Half of all women surveyed said they needed mental health services the last two years, but only six in 10 sought out the care, according to the 2022 Kaiser Family Foundation’s Women’s Health Survey.
The survey of 5,145 women and 1,225 men ages 18-64 also found that nearly two-thirds of women 18-25 reported needing mental health care, compared to one-third of women 50-64.
Half of women of all ages who reported needing care were able to get an appointment, while 16 percent were not and the rest did not seek care.
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Those who could not get an appointment cited limited provider availability and cost as the main barriers. About half of those who were treated were able to get an appointment within a month, while more than a third had to wait longer than a month.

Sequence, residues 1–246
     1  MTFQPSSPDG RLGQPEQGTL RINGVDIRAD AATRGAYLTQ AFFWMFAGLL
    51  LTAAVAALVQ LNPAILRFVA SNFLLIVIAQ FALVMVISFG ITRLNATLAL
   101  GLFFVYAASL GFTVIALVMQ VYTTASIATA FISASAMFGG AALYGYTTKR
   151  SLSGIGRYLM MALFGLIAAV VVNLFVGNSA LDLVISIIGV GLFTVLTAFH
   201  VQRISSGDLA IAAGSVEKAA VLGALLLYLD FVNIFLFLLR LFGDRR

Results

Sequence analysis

“Our findings on provider availability are consistent with other studies on mental health access. A report from the U.S. Government Accountability Office found that many consumers with health insurance faced challenges finding in-network care,” KFF wrote in a brief. “The country also faces a workforce shortage of behavioral health professionals in addition to other challenges with health care infrastructure that exacerbates issues with accessibility.”
Of the men surveyed, 35 percent reported thinking they needed mental health services in the last two years. KFF notes that women experience several mental health conditions more often than men, including those unique to women such as perinatal depression and premenstrual dysphoric disorders. The rate of depression and anxiety among women is twice as high.